Mauna Loa

For approximately 28 million years, the Hawaiian hotspot has belched out islands and atolls. The hotspot sits in the same position, spewing upward from the mantle, while the Pacific Plate moves above it. This combination created the string we know as the Hawaiian Islands. Eight major isles comprise the archipelago. Each was once above the hotspot, where magma plumes started underwater and slowly emerged above sea level, crafting land. As tectonics worked, an island would move away from the hotspot, making the volcanos extinct. Today, just one island features active volcanoes: the eponymous island, Hawai’i AKA The Big Island.

Five giant volcanoes formed the Big Island. The most northeastern, Kohala, is now extinct. Mauna Kea, the High Point of the state of Hawaii, is dormant, having last erupted between 4,000 and 6,000 years ago. Three volcanoes are still active: Hualālai, Kīlauea, and Mauna Loa.

Translating to “Long Mountain” in English, Mauna Loa is a beastly crag.

The five volcanoes of the Big Island - graphic by Hawaii Volcano Observatory/USGS
A diagram showing the Hawaii hotspot and the inferred underlying mantle plume in cross-section - USGS

Mauna Loa more than lives up to its moniker. As you can see in the graphic above, this volcano makes up half of the Big Island’s area. It’s so large that it equals 85% of the area of the rest of the Hawaiian Islands combined! In both mass and volume, Mauna Loa is the world’s largest subaerial (not completely underwater) volcano. Its volume is estimated to be 18,000 cubic miles!

The most strikingly recognizable volcanoes are stratovolcanoes, featuring cone-shaped appearances. Mauna Loa is a shield volcano, which means it has a low profile and relatively gentle inclines, sort of resembling a shield on its side. Shield volcanoes spew less viscous lava than stratovolcanoes, which allows the shield lava to flow farther, though less explosively. Over time, the eruptions of shield volcanoes layer onto each other, producing mountains that appear like this:

Mauna Loa - photo by J.D. Griggs/USGS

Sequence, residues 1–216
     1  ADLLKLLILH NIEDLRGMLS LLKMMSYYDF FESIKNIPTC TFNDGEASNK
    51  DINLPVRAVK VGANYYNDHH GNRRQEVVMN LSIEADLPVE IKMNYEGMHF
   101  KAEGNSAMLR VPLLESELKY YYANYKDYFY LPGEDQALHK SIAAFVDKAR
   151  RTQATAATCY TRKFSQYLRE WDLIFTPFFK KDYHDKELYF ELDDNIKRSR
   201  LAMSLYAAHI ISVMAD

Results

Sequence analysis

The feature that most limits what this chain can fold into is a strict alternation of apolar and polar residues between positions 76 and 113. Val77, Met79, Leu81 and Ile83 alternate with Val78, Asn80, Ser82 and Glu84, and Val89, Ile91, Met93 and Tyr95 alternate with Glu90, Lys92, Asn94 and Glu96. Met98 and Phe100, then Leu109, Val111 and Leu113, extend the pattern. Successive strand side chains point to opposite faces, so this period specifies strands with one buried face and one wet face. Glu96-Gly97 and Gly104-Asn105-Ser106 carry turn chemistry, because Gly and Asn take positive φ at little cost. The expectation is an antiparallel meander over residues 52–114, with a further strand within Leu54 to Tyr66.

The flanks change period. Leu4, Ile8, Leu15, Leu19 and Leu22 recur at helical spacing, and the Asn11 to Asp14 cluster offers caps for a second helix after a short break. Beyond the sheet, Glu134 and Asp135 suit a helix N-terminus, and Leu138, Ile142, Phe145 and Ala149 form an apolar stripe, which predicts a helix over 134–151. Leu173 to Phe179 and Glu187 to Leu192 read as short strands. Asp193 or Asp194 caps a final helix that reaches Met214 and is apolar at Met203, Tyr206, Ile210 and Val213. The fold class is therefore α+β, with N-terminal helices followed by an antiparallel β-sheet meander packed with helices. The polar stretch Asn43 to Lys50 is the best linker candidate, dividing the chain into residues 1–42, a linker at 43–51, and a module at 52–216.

Don’t let that peaceful incline fool you. Mauna Loa is the second-highest point in the state of Hawaii, just 125 feet shorter than nearby Mauna Kea. What might appear to be a small rise in the photo above actually rises 13,679 feet above the ocean!

At the summit of Mauna Loa resides a caldera, called Mokuʻāweoweo. Named after a fish – the ʻāweoweo – whose coloration resembles lava, this series of craters is 3.9 miles wide by 1.6 miles long.

Counterintuitive to the nature of volcanoes and Hawaii, the height of Mauna Loa often leaves Mokuʻāweoweo covered in snow.

Mokuʻāweoweo, Mauna Loa's summit caldera, covered in snow

Ancient Hawaiians constructed a path, called the Ainapo Trail, from the village of Kapāpala to the summit of Mauna Loa. 35 miles long and gaining 11,000 feet, the trek took multiple days. Historians believe pilgrims undertook the expedition during eruptions to leave offerings to Pele, the Hawaiian volcano goddess. Though Pele is associated with volcanic activity in general, some myths place her abode atop Mauna Loa; most stories place her home on Kilauea, however.

Though shield volcanoes tend to kill fewer people than stratovolcanoes, Mauna Loa is listed as one of the Decade Volcanoes. These volcanoes have significant histories of recent eruptions and sit near large population centers. The lava from Hawaiian volcanoes tends to be slow – often moving at just a walking pace. Eruptions there are rarely fatal; only one documented death has occurred directly due to a volcanic eruption. Still, sometimes the explosions are not so demure. In 1950, the lava from Mauna Loa reached the ocean in just four hours, destroying the village of Hoʻokena Mauka. Hilo, the largest city on the Big Island, sits on top of lavas from eruptions in the 1880s. Future eruptions could easily impact this population center.